In light of the SEC’s ban on broker voting, there is considerable concern about the conflicted business model of proxy advisory firms such as RiskMetrics, which provides proxy voting recommendations to institutional investors along with a proprietary governance rating while an arm of RiskMetrics sells advice on how companies can improve governance scores.
Directors shouldn’t spend too much time railing against these firms. Rather, it’s time for boards of directors to bypass these groups and review their own governance policies including charters, bylaws and compensation rules so that they are well versed on the company’s corporate governance policies. At the same time, boards should develop an understanding of its shareholders and their concerns.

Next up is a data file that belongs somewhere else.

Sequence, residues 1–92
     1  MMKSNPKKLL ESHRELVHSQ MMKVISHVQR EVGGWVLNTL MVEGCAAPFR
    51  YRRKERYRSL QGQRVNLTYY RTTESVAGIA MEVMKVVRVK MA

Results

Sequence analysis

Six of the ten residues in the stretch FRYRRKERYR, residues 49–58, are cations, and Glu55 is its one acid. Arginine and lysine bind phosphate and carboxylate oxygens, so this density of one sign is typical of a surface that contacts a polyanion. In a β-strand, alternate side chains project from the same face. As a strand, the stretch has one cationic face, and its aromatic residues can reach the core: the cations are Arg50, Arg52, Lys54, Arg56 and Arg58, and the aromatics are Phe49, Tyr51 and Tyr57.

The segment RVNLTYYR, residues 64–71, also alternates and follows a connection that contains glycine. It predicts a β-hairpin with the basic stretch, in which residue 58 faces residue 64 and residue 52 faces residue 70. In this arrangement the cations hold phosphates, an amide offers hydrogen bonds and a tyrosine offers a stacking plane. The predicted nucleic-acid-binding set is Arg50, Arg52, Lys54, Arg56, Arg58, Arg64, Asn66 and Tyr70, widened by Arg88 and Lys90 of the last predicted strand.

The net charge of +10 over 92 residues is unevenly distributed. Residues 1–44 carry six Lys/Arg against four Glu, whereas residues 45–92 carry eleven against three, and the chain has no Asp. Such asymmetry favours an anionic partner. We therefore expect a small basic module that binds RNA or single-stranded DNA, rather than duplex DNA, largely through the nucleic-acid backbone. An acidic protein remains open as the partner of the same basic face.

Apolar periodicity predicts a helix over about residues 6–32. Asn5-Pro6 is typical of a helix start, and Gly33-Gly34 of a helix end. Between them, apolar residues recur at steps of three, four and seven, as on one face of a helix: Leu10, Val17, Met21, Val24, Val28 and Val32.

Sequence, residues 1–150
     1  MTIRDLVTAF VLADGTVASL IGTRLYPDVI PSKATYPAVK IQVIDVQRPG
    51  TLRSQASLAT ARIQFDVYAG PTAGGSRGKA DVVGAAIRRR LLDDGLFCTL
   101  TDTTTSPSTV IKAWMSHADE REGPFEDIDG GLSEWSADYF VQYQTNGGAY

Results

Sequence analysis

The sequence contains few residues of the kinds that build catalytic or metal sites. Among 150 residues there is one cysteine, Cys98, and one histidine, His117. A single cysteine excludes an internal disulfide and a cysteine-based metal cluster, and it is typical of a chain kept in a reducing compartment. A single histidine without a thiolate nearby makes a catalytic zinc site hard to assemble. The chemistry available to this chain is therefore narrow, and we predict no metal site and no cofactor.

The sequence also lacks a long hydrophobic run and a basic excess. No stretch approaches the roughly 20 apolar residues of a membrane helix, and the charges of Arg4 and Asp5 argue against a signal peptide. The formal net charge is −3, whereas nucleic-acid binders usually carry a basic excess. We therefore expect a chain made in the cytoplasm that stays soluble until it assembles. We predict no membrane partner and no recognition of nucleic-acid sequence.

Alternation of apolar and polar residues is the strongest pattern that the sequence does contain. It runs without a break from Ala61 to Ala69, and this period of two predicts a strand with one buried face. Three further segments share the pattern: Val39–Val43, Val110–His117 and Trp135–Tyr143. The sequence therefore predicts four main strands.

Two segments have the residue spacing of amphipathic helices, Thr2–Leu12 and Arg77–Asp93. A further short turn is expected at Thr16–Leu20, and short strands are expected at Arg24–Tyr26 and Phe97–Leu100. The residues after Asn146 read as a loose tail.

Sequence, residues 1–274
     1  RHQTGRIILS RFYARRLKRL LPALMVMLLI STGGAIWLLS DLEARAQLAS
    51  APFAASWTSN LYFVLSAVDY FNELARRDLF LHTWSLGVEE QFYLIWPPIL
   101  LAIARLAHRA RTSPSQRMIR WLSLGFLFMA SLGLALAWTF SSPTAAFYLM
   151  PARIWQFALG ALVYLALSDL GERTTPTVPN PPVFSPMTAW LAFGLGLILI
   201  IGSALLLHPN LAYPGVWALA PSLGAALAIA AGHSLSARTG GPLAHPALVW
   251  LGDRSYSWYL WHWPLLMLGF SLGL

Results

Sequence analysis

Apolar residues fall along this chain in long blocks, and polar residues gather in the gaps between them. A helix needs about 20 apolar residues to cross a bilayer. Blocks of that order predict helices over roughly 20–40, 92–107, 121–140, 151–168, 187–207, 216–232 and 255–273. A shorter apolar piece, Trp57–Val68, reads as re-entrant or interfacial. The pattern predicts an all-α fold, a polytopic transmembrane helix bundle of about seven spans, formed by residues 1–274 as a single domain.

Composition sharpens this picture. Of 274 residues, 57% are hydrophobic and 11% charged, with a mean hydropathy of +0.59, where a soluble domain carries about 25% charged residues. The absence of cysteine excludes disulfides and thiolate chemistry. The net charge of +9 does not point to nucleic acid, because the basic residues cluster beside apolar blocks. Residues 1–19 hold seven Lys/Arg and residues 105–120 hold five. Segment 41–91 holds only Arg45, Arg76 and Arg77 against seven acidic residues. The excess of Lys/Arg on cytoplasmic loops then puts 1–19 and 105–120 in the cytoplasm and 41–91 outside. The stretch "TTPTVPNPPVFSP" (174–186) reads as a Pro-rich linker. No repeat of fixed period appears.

With this knowledge, boards will lower their resistance to speaking out about the role they play in providing oversight. They will become “communication ready,” willing to craft their own communication policy, a “rules of the road”, so to speak that supports a customized and effective shareholder engagement program.
In the old world where directors were assured easy election, criticizing proxy advisory companies was easy sport. Today, boards need to speak for themselves, communicating their competencies and the attention they are dedicating to the important work of representing shareholders and providing oversight.